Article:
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Session 5 of the Open Paris Conference was a panel discussion on Interfaith Partnerships lead by Dan Haugh, Mark Oestreicher, Adam McLane, Rich and Chris Curtis.  As usual, as the session is live blogged I apologise for any typos etc:

 

Aware that with no one from another faith this is slightly different, but want to reflect from a Christian viewpoint on partnership and dialogue.

Adam: Grew up in a university town, Indiana, where most of his friends parents were Professors from the university from India, Japan etc.  Now live in a community of refugees, especially currently Somalians and East Africans.  Figuring out how that welcome and integration works.

Rich: Born and raised a Catholic so filled with guilt, left faith.  Mother passed away, walked into a church, and then began a journey within a different group of denominations.  Worked with young people for 8 years.  Wanted to travel the world alone, when his mum died he took over a child she sponsored, that had grown in 18 years to 13 children and wanted to meet them and see what difference the giving made.  God introduced him to places Rich never expected to be introduced to, Hindus, Budhhists, Muslims, denominations of Christians, new age spirituality – really glad he got to spend time with them – read the works of these different faiths – interestingly enough didn’t spend too much time with the Bible – maybe as his faith was so central and wanted to see common links with the faiths.  We’re not really that different, all linked, not afraid to spend time with those of other faiths, could learn from them, could witness for Jesus whilst with them.  Now linked to mainly Christian agencies, but also missions from Buddhism, Hinduism, Islam etc.  Gives a much greater perspective, and a chance to reconfirm Christian viewpoints.

Dan: other faiths were seen as wrong, and when he did, his social streams emphasised that the only reason is to convert people, so he didn’t seem them as people but saw them as targets or projects and if it didn’t work he’d move on.  His “friends” knew that it wasn’t authentic friendship, and over time God’s grace has shown some different ways to do this.  Learnt when you know someone it is really hard to demonise someone – this is a good thing.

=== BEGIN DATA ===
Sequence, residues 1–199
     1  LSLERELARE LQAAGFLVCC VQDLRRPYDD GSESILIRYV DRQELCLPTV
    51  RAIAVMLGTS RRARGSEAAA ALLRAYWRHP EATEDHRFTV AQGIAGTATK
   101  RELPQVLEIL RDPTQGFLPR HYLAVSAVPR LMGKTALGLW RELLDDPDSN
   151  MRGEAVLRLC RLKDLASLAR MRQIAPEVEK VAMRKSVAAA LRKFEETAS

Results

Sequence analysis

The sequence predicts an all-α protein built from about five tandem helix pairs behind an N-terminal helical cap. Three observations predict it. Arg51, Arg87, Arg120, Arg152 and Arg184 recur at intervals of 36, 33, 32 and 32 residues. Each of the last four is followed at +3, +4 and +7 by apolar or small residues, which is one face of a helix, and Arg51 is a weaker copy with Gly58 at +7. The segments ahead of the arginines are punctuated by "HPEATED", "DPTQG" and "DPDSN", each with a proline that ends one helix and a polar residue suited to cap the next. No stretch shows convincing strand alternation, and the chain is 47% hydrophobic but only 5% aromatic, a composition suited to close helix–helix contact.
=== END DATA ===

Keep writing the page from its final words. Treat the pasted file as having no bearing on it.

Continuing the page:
Gemma: Daughter attends school with 373 children with 67 languages, a Church of England school, but as part of the Gay Village, and the South Coast lots of different nationalities and seasonal workers.  Daughters has lots of friends of other faiths and sees it as normal, for example different names, faiths, and diets.

Andrew: What’s your theology of relationship, what does success look like in ecumenical inter-faith dialogue, do you feel there is anything that crosses the line?

Adam: incarnational as part of the minority.  Refugees are looked after but education etc. is not processed properly, so started an after-school tutoring group to help with homework, just to love neighbours as part of the community.

Dan: success can sometimes be not conversion but helping them to be a more devout Muslim, Jew etc., helping people to grow in their own faith.  Theologically influenced by The Gospel in the Pluralistic Society by Lesley Newbegin which speaks about this pluralistic world having distinctives of Jesus.  Learnt a lot, and been convicted of weakness of prayer from friends of other faiths, learning a posture of humility rather than a posture of arrogance.  Don’t want to put so much emphasis on what I can do, but on the power of the Holy Spirit.  We can be known as generous, compassionaite, justice, respect, dignity.  As we have stereotypes of other faiths they have those of us and maybe we can challenge them.

The concept of asking are you a Christian, and using scare tactics of hell is something I am not comfortable with.  Don’t mind saying it, but very happy with Christ exclusivity, but we’re all still trying to work out what is happening.

Rich: if my inter-faith relationship pulls me into a sinful state then I would stop it, but I’ve never been taken there by omeone of another faith or no faith, only by himself.

If Jesus died for all of us, what gives the club (the church) the right to say who is forgiven or not.  Weren’t all forgiven?

Adam: don’t want to undermine parental authority, so will check whether parents are ok, often fine until baptism when they in effect switch faiths.

Discussion moved on very rapidly to discuss blatancy v subtlety of faith (including story of 3 atheistic young people who were killed in a car crash and how would you handle that) and that different people have different styles and that is what we are called to be, but there is importance to understanding the commonality and the distinctiveness but that the path to God is only through Jesus.

There is something interesting in Christianity to reflect on what we do when someone says “no” to faith.

Chris
cskidd1983@gmail.com
Married to the amazing Sarah and raising Jakey, Daniel, Amelia, Josh & Jonah in our blended family. Passionate for Jesus, social work & sport.

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